Granholm Signs First Executive Directive to Implement Land Use Policy Changes
LANSING – Governor Jennifer M. Granholm today signed Executive Directive 2003-22, which implements the first of the 150 recommendations put forth by the Michigan Land Use Leadership Council following its slate of hearings around the state.
The executive directive directs state departments to locate new state facilities and buildings in urban areas when at all possible. Granholm was joined by former Attorney General Frank J. Kelley who co-chaired the bipartisan council with former Governor William Milliken. Milliken signed a similar executive order during his tenure as Governor, but the state had discontinued its practice over the years.
“Locating state facilities in communities where infrastructure already exists is a win-win situation,” Granholm said. “If we reuse or rehab an existing building, we will save the taxpayers millions of dollars. It is a win for the community because it gives new purpose to an old building or former brownfield site, and it brings workers into the community on a daily basis.”
“Within its boundaries, our state of Michigan was blessed by nature with truly rich and beautiful peninsulas. Ten thousand lakes, once great forests of timber, huge mineral deposits, and 37 million acres of land which has been a source of great agricultural wealth,” said Kelley. “The continuing challenge that Governor Granholm and our governmental leaders, including every citizen, must face is to protect and preserve all that nature has surrounded us with.”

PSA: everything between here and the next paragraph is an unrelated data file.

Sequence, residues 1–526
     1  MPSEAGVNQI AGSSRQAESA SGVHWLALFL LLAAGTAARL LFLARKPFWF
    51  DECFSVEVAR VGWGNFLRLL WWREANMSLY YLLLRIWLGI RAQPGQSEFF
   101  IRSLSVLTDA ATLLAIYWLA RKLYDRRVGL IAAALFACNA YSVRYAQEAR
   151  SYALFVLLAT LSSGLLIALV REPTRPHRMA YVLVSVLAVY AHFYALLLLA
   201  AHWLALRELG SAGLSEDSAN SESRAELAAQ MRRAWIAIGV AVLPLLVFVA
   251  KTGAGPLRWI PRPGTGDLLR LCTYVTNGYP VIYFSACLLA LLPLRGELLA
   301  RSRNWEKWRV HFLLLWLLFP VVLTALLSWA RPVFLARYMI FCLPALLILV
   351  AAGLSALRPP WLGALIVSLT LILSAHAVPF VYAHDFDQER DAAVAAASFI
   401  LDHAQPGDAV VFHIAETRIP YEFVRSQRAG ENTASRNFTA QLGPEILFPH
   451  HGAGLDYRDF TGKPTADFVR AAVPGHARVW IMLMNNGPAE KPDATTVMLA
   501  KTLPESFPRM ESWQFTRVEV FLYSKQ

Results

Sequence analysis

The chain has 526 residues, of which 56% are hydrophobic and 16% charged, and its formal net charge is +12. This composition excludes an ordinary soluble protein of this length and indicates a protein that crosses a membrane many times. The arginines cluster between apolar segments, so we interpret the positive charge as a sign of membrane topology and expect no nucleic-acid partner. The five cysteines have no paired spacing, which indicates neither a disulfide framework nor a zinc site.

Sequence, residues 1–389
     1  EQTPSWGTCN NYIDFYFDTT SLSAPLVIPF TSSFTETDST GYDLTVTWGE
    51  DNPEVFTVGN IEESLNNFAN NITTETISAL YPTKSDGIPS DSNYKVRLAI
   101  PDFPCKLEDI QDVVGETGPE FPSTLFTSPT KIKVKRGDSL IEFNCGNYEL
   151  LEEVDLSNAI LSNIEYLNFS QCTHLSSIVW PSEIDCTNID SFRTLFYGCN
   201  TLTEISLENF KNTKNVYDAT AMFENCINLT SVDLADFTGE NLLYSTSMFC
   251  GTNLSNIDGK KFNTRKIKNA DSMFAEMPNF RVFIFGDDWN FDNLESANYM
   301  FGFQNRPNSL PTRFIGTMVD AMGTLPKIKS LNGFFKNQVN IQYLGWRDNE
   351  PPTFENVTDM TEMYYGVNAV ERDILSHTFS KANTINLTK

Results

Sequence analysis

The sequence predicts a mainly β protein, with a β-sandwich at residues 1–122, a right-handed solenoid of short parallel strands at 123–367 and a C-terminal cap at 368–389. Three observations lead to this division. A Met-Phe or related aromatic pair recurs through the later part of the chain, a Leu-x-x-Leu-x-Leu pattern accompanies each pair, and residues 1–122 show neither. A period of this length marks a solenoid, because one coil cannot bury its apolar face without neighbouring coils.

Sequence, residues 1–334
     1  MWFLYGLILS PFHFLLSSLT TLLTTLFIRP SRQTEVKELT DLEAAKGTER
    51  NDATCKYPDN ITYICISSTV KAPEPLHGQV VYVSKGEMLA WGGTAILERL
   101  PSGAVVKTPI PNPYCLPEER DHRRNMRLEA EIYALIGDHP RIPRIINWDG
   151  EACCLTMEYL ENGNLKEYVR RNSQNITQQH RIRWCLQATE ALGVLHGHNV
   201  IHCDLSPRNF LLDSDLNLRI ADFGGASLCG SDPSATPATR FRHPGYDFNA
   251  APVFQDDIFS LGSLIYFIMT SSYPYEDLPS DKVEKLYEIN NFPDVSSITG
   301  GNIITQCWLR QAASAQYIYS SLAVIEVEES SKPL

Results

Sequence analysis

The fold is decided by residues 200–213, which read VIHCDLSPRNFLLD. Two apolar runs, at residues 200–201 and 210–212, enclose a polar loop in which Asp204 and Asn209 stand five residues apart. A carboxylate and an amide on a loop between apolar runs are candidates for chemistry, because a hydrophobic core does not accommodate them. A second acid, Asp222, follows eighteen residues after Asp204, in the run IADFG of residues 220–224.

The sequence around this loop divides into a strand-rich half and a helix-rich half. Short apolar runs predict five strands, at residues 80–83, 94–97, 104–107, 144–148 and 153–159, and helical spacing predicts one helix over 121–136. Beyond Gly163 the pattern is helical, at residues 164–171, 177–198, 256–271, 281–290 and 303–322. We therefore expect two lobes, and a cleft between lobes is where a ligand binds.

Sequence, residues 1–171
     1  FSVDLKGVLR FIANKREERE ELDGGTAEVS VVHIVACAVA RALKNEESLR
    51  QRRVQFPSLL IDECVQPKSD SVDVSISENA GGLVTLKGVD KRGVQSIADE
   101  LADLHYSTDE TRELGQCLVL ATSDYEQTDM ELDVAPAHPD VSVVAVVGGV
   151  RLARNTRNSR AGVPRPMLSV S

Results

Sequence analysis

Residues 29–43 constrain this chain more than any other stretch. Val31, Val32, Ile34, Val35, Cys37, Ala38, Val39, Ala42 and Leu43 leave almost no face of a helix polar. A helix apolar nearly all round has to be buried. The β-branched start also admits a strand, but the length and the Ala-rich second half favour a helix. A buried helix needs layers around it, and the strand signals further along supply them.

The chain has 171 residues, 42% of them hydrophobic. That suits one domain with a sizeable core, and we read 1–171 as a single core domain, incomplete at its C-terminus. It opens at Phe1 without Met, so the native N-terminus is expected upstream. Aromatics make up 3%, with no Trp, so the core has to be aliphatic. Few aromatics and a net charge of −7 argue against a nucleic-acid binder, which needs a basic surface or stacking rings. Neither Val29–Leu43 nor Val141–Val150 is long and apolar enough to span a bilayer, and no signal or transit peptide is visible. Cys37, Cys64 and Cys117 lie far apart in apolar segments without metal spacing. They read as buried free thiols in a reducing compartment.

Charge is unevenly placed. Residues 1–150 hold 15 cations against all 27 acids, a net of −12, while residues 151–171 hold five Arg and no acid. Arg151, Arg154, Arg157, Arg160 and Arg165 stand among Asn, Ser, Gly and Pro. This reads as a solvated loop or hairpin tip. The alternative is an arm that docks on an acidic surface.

“I am delighted that this executive directive will help us reinvigorate our downtowns and keep sprawl out of our green pastures,” said Milliken. “This effort is entirely consistent with a unanimous recommendation of the land use council and with my own personal philosophy.”
The executive directive is the first of several administrative acts the Governor intends on implementing that reflect the recommendations of the Land Use Leadership Council report. The others include:
• directing the Michigan Department of Transportation (MDOT) to look for “context-sensitive” solutions to all aspects of transportation design and implementation to ensure that roads, bridges, and other transportation entities fit well within their surroundings;
• recognizing and expanding “live-where-you-work” programs;
• directing the Department of Environmental Quality (DEQ) to begin an internal review process to evaluate programs it conducts for potential impacts on sprawl, and directing MDOT to continue its “preserve first” transportation strategy;
• streamlining and simplifying the process for both state and local governments by transferring the authority for handling tax-reverted properties from the Department of Natural Resources (DNR) to the Department of Treasury; and
• directing the DEQ to design a web-based one-stop information shop for grant and loan programs targeted at preservation efforts.
“The Land Use Leadership Council put forth several recommendations that I plan to pursue with our legislative partners as well,” Granholm added. “Land use has been a divisive issue in our state, but good land use decisions are also often good economic decisions for communities and businesses. In order to make Michigan a magnet state for new business development and jobs, we must make a conscious effort to invest in our already existing infrastructure. The Land Use Leadership Council gave us the blueprint to build a better Michigan, and today we are starting to put down the foundation through this executive directive.”
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